Turnout for first day of early voting in Orange County about the same as in 2016

Early Voting
Orange shows moderate voting so far in Florida's earliest-voting.

Early voting for Florida’s March 17 presidential primaries began in many counties Monday, with 3,216 votes cast in Orange County.

That is just slightly more than the 3,125 Orange County voters who went to the polls on the first day of early voting in the 2016 presidential primaries, when both the Republican and Democratic races still were hot contests, and favorite son Republican Sen. Marco Rubio still was competing in Florida.

Florida has given its counties the option of beginning early voting as soon as Monday or as late as Saturday, and only a handful of mostly-large counties have chosen to begin early voting on the earliest possible date.

This time only Democratic voters have a real choice to consider, though the Republican primary — President Donald Trump versus former Massachusetts Gov. Bill Weld — managed to draw 1,158 Republican voters in Orange County on Monday. That’s about 36 percent of all the voters who turned out Monday in Orange County, and represents the statement Republicans seek to make in supporting Trump, even against nominal competition.

Orange, which is a heavily-Democratic county in terms of voter registration, offers a snapshot of voter engagement in early voting in Florida, showing a moderate, though not overly large turnout, on what was a warm and dry Monday. In 2016, about 53,000 people voted early in Orange County for the presidential primaries.

“I’m a little surprised with the turnout so far,” said Orange County Supervisor of Elections Bill Cowles. “But again, as you’re seeing the latest news, another Democrat is dropping out. Maybe the [Democratic] voters are just waiting to see if there’s anybody left before they vote.”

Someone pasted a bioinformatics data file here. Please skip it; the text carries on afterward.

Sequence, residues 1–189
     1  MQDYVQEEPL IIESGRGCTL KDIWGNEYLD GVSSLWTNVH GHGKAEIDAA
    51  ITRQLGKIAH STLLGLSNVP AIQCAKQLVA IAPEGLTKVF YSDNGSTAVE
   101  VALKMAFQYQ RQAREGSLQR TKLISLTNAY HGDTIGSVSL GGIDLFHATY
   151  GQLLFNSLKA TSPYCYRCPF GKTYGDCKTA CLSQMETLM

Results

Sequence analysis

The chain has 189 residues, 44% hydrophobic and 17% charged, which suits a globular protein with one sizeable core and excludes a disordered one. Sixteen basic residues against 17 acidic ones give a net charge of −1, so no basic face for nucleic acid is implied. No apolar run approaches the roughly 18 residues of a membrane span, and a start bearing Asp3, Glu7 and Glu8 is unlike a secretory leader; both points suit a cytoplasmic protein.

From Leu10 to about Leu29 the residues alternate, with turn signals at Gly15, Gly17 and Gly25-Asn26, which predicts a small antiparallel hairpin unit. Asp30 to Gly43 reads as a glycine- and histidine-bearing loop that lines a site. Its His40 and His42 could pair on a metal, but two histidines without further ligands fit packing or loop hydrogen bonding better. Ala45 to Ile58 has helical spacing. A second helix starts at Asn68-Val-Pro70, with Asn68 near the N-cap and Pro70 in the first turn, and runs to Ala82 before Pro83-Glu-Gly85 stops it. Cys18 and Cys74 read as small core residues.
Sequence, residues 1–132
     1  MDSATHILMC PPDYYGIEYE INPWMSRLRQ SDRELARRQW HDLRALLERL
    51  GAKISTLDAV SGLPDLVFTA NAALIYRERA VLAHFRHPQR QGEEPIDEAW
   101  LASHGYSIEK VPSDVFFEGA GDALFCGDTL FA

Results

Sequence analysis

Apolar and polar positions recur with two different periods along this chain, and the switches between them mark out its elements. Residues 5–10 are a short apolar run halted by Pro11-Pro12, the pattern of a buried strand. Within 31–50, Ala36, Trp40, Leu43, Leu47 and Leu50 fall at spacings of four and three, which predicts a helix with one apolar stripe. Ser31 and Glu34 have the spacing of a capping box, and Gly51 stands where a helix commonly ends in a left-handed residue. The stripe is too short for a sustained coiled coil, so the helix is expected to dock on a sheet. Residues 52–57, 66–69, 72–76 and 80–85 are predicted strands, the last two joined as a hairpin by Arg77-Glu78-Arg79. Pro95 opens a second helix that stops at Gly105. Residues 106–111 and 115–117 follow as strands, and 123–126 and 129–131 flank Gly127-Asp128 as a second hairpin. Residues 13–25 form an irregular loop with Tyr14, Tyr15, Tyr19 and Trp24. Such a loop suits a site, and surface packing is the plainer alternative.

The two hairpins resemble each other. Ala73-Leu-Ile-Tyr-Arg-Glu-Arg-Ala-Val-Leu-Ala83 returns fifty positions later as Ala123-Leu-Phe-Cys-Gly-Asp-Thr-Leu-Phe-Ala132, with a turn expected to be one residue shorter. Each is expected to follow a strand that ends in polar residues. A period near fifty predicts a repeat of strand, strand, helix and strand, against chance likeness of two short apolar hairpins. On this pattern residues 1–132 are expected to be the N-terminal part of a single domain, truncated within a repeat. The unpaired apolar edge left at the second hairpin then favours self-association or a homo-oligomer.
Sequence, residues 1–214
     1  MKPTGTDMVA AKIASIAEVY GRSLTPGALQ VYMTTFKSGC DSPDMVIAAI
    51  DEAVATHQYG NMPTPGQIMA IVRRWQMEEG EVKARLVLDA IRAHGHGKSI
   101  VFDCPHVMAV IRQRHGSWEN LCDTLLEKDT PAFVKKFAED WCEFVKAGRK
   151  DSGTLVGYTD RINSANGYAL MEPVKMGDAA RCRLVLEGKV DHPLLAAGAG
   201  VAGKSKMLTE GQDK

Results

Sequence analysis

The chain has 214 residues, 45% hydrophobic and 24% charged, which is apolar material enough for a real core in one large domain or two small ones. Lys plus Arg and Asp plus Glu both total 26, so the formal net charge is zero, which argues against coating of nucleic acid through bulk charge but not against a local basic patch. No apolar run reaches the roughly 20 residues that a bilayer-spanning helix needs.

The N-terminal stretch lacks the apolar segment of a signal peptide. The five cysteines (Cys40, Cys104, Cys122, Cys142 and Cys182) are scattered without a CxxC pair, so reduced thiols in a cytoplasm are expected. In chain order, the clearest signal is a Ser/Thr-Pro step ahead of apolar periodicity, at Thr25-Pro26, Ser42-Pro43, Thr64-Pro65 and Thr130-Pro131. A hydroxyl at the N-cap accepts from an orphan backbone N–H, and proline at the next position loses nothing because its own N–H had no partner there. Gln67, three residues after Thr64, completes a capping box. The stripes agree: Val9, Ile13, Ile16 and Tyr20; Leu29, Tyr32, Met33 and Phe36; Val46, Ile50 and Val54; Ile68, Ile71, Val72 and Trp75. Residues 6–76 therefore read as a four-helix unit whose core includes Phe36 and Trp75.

When Monday began there were 16 names on the Democratic presidential primary ballot but only six of the candidates were still active. By the end of the day Monday Minnesota Sen. Amy Klobuchar had withdrawn, leaving former Vice President Joe Biden, former New York City Mayor Michael Bloomberg, Vermont Sen. Bernie Sanders, Massachusetts Sen. Elizabeth Warren, and Hawaii Rep. Tulsi Gabbard as active candidates.

There also are municipal elections being decided in Orange County, in Apopka, Winter Park and a handful of other suburbs. But turnout at the Apopka and Winter Park early-voting sites was lower than in early-voting sites that were not located in cities with municipal elections.

Among Orange County’s 18 early voting sites, the top site was Southwest Branch Library in the Republican-rich Dr. Phillips community, which drew 418 voters Monday, including 192 Republicans. Five other sites drew between 200 and 300 voters Monday, including the Apopka Community Center and the Winter Park Library.

Also through Monday, Orange County had logged in 26,690 returned mail ballots. Democrats were voting only slightly more frequently than Republicans, with about 50 percent of the ballots coming in from Democrats and 47 percent from Republicans. The remainder are independent or third-party voters voting in the municipal elections.

Scott Powers

Scott Powers is an Orlando-based political journalist with 30+ years’ experience, mostly at newspapers such as the Orlando Sentinel and the Columbus Dispatch. He covers local, state and federal politics and space news across much of Central Florida. His career earned numerous journalism awards for stories ranging from the Space Shuttle Columbia disaster to presidential elections to misplaced nuclear waste. He and his wife Connie have three grown children. Besides them, he’s into mystery and suspense books and movies, rock, blues, basketball, baseball, writing unpublished novels, and being amused. Email him at [email protected]



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